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Response to Mentor CDC Whitepaper

There was a recent surge of discussions about asynchronous clock domain crossings and metastability handling in Verilab email: Two people asked Mark Litterick essentially the same question just hours apart, and then a day later Jason Sprott noticed a Mentor CDC Verification paper that referenced Mark’s “Pragmatic Simulation-Based Verification of Clock Domain Crossing Signals and Jitter using SystemVerilog Assertions,” paper (Best Paper at DVCon 2006).

One particular statement in the Mentor paper caught my eye: "this model can still generate false errors: the waveforms show that input sequence A, B, C, D, E, F can result in output sequence A, B, E, E, E, where two consecutive inputs, C and D, are skipped". And this statement bothered me: I had spent a long time figuring out Mark’s model some while back, and while it was not at all intuitive to me, I did convince myself that it could never generate a simulated output sequence that was impossible in real hardware. So if the Mentor paper was correct, then I had missed something about Mark’s model, and I’ll be honest, I didn’t relish going back and studying it again.

Obviously I was just going to have to find a mistake in the Mentor paper instead. And to my considerable relief, I did. In fact, I found two:

  1. The schematic (Fig 8, p.9) of Mark’s synchronizer model is missing a small but important feature.
  2. The waveform (Fig 9, p.9) of data signal values input to the model is a somewhat misleading representation of an async input.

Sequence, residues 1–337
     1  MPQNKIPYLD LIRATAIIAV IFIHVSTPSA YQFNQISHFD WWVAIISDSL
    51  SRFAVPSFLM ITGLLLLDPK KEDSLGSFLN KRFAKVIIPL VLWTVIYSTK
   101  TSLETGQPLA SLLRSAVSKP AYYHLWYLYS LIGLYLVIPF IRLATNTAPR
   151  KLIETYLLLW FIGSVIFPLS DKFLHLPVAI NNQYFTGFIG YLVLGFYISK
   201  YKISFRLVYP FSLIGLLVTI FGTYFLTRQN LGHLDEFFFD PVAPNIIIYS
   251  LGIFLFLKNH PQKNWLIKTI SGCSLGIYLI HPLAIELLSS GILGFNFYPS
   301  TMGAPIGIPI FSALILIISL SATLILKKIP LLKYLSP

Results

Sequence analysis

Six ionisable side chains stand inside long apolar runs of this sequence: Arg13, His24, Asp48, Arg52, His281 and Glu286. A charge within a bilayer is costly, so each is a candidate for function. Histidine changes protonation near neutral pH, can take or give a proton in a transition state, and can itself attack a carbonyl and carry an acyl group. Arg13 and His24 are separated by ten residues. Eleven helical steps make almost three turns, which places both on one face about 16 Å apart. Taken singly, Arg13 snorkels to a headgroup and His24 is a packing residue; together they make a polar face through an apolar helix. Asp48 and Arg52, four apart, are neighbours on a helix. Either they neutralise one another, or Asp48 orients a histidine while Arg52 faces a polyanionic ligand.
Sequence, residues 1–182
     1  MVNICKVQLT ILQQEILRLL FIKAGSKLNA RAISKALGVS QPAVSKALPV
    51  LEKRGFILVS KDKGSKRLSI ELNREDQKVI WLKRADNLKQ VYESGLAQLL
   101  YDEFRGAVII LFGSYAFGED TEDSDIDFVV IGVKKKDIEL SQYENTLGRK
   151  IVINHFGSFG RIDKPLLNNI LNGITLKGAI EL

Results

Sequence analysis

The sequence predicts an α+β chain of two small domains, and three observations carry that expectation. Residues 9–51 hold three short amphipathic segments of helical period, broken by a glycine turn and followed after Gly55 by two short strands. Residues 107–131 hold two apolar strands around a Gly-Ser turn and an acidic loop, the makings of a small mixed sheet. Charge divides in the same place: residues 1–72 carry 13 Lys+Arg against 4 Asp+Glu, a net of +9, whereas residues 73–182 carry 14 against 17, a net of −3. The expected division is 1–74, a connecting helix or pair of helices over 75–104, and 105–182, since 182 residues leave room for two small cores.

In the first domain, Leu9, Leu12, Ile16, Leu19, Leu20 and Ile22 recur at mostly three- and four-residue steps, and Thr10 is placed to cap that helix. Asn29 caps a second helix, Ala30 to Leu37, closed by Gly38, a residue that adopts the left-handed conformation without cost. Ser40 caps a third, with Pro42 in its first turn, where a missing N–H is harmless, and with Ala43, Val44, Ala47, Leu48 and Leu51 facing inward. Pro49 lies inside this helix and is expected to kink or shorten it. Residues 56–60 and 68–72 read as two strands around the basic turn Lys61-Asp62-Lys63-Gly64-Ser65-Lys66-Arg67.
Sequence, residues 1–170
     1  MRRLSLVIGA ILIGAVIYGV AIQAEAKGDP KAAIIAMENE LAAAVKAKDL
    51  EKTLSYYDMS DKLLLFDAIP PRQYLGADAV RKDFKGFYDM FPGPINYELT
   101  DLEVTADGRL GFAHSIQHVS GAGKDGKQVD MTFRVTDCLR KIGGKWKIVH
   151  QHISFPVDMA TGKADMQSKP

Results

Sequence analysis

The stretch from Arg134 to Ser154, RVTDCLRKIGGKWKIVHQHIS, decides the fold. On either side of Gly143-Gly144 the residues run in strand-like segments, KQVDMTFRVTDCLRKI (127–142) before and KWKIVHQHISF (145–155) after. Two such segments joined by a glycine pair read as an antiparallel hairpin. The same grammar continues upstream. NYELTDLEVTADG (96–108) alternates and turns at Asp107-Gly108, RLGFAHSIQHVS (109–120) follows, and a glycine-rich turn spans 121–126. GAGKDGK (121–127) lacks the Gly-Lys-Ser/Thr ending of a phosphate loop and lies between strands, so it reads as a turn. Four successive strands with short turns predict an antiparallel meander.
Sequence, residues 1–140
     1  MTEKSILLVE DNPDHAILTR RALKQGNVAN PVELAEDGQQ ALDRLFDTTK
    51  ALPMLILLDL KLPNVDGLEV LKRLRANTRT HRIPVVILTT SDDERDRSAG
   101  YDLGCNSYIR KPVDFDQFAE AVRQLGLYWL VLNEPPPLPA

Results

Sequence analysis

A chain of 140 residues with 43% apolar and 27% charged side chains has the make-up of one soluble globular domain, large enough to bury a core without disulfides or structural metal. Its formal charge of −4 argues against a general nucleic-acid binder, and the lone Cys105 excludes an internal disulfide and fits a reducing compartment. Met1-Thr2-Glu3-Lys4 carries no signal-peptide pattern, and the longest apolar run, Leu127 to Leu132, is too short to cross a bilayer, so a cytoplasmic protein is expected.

In the Mentor paper, the select inputs to both muxes are simply "$random()". In Mark’s original model (Fig 11, p.5), the select input of the input mux is indeed just "$random()", but the select input of the output mux is "@(m2 or m3) $random()".

The result of the modified select term is to make the "A,B,E,E,E" behavior impossible except under specific conditions. But under the right conditions, it is indeed a possible behavior in hardware.

The waveform of the d input signal in Fig 9 of the Mentor paper gives a false impression that d is actually synchronous, rather than asynchronous, to the sampling clock clk. The stability of a transitioning async input cannot be inferred forward or backward from the sampling clock. If two consecutive samples are not equal, it is unknown when the transition occurred - it is only known that a transition occurred. So if the sampled values B, C, D, E in simulation were 0, 1, 1, 0, it is entirely possible for hardware to exhibit the output sequence 0, 0, 0, 0.

The fact that samples C and D were both 1 in simulation does not mean that d was stable for two complete clk periods, as implied in Fig 9: The 0->1 transition B->C could have occurred momentarily before the C sampling clock edge, and the 1->0 transition D->E could have occurred momentarily after the D sampling clock edge. And if both transitions violated the sampling setup/hold window, then the metastability could settle to the B value at the C clock edge, and the E value at the D clock edge.

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